Richard Brome Analysis

Other Literary Forms

(Critical Edition of Dramatic Literature)

Besides plays, Richard Brome wrote only some brief commendatory poems attached to other writers’ collections of poetry or plays. He also edited John Fletcher’s play Monsieur Thomas (pr. 1610-1616, pb. 1639) and probably edited Lachrymae Musarum: The Tears of the Muses (1649), a collection of elegies, to which Brome contributed, on the death of Henry Hastings in 1645.


(Critical Edition of Dramatic Literature)

The reputation of Caroline playwright Richard Brome has generally been haunted by some ambiguity or doubt. During his own time, Brome was extremely popular, but even then his success was marred by criticisms that he pandered to his audience’s poor tastes. Such criticisms might have been motivated to some extent by irrelevant factors, such as envy of his success and scorn for his humble background as a servant. His popularity continued during the Restoration, when his work influenced the form of Restoration comedy, and lasted into the eighteenth century. During the Victorian period, Brome was roundly condemned as the most obscene of the Renaissance dramatists and frequently contrasted with Ben Jonson—Jonson and Brome, respectively, epitomizing a “good” versus a “bad” comic dramatist. Again, irrelevant factors appear to have clouded the critical estimates of Brome.

Brome’s ambiguous reputation has continued into the modern period, when he has been known as the most outstanding minor Caroline dramatist, but his status has also been on the rise. Kathleen Lynch demonstrated that Brome is an important link between Renaissance and Restoration comedy in The Social Mode of Restoration Comedy (1926), and R. J. Kaufmann valued Brome’s work as an accurate reflection of Brome’s time, a pivotal period in English history, in Richard Brome: Caroline Playwright (1961). Brome, however, is not merely of historical interest: His plays,...

(The entire section is 518 words.)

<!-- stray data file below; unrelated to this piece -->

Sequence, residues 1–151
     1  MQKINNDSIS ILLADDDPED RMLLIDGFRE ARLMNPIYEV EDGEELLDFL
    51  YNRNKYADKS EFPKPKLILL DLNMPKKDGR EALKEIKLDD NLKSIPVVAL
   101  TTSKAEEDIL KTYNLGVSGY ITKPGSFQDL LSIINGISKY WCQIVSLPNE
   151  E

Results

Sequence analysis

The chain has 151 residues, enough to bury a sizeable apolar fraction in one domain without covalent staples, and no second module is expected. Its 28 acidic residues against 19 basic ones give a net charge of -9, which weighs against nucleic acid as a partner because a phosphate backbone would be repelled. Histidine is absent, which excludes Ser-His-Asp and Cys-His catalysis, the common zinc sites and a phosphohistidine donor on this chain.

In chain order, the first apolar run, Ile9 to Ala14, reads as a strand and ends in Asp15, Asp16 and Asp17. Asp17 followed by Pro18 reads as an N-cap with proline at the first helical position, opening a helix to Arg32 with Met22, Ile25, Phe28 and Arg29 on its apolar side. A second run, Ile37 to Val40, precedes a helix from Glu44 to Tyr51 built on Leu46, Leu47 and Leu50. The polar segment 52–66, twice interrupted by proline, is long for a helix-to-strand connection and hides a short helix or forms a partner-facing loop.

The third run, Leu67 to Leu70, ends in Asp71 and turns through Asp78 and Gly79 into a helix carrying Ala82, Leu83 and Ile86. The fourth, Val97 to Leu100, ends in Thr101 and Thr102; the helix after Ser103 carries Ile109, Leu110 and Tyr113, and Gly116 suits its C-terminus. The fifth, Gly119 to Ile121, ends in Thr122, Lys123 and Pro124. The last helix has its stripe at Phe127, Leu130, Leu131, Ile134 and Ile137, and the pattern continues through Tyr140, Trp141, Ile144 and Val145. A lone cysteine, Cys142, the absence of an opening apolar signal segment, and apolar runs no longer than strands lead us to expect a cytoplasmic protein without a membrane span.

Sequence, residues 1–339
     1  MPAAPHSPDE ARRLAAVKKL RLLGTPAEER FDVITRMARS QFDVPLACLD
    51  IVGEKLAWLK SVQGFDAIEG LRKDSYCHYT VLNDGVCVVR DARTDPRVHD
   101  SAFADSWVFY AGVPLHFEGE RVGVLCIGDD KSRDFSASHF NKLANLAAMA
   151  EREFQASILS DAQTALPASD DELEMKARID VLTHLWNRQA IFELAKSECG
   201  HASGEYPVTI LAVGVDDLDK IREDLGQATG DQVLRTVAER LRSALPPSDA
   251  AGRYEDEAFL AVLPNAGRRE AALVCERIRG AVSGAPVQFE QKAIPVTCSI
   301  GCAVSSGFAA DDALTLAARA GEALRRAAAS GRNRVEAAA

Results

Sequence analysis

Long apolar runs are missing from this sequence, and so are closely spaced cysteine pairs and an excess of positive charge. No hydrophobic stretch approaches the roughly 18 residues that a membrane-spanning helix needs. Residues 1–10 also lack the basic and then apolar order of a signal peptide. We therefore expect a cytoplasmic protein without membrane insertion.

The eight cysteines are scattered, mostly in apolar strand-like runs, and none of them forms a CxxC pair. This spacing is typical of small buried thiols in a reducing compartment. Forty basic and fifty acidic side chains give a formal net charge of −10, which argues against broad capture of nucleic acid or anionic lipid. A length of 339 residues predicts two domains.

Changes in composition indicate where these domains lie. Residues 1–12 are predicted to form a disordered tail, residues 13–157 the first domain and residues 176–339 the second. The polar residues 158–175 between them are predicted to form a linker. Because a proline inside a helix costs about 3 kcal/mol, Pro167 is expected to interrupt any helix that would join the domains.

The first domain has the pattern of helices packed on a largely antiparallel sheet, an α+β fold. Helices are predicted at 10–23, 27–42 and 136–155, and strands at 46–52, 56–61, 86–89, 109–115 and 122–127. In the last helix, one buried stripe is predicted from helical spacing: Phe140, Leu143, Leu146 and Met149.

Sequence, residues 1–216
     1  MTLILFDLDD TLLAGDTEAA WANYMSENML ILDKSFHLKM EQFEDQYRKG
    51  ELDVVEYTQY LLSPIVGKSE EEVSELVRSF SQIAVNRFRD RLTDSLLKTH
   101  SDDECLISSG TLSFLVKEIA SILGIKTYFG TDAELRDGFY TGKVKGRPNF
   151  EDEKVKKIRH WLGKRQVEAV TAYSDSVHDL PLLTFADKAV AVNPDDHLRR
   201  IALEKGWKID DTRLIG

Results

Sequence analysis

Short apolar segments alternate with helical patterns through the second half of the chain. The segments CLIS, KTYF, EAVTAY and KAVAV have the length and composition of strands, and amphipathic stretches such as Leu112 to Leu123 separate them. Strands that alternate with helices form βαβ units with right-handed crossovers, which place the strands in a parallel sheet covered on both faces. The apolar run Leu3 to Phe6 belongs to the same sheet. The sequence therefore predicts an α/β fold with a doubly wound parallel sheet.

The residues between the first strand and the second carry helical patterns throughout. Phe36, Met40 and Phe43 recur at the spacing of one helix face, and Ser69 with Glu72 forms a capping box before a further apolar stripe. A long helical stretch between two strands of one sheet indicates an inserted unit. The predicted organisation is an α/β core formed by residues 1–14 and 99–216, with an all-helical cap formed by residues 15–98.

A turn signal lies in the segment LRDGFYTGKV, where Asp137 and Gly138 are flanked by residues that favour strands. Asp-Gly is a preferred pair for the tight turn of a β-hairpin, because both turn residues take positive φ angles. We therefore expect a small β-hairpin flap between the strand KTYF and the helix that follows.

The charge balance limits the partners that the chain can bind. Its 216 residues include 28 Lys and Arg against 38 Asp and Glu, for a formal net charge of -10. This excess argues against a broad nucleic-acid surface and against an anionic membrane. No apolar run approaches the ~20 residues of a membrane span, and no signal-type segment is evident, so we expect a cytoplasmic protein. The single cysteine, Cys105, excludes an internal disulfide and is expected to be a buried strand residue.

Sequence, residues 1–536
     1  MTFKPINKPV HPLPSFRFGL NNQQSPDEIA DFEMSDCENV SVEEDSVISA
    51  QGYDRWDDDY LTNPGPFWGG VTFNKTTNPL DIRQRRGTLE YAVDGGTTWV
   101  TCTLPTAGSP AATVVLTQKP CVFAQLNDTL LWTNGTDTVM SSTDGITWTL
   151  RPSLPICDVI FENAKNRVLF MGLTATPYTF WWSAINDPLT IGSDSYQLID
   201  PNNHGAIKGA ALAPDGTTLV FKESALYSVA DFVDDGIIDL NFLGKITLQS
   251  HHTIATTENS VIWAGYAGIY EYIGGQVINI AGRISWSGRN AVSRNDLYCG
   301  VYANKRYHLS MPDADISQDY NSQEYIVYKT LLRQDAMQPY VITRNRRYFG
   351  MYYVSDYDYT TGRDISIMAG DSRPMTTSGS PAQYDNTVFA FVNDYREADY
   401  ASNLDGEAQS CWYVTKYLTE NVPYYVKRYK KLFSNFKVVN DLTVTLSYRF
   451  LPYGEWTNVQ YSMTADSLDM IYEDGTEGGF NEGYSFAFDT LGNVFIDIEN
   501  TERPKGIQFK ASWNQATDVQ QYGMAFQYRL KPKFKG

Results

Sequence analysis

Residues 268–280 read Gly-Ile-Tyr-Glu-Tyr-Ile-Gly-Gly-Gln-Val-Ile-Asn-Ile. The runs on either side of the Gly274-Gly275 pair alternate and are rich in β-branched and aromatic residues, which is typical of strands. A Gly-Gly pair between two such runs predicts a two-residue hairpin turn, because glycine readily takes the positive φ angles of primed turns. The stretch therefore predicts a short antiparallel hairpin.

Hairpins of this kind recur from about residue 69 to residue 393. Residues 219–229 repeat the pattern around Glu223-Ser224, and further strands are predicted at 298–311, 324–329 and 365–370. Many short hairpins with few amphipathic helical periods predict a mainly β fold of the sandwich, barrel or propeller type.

(Critical Edition of Dramatic Literature)

Andrews, Clarence Edward. Richard Brome: A Study of His Life and Works. 1913. Reprint. Hamden, Conn.: Archon Books, 1972. This scholarly analysis proposes a chronology and a bibliography of Brome’s work, devotes a long chapter to the qualities of Brome’s plays, and considers the influence on Brome of Ben Jonson, William Shakespeare, Thomas Dekker, and others.

Clark, Ira. Professional Playwrights: Massinger, Ford, Shirley, and Brome. Lexington: University Press of Kentucky, 1992. Discusses the careers of Brome, Philip Massinger, John Ford, and James Shirley.

Davis, Joe Lee. The Sons of Ben: Jonsonian Comedy in Caroline England. Detroit: Wayne State University Press, 1967. Brome is one of a group of minor dramatists called the Sons of Ben for their imitation of Ben Jonson. Caroline England was dominated by Puritanism and Platonism, and Davis traces the consequences of this domination for the comedy of the period.

Donaldson, Ian. The World Upside-Down: Comedy from Jonson to Fielding. London: Oxford University Press, 1970. Contains chapters on six comedies, including Brome’s The Antipodes. Donaldson finds Brome’s work “readable,” his plays “brisk, well-made, seldom dull” but rarely showing “true comic originality,” and his talent only “an engaging minor one.” The...

(The entire section is 496 words.)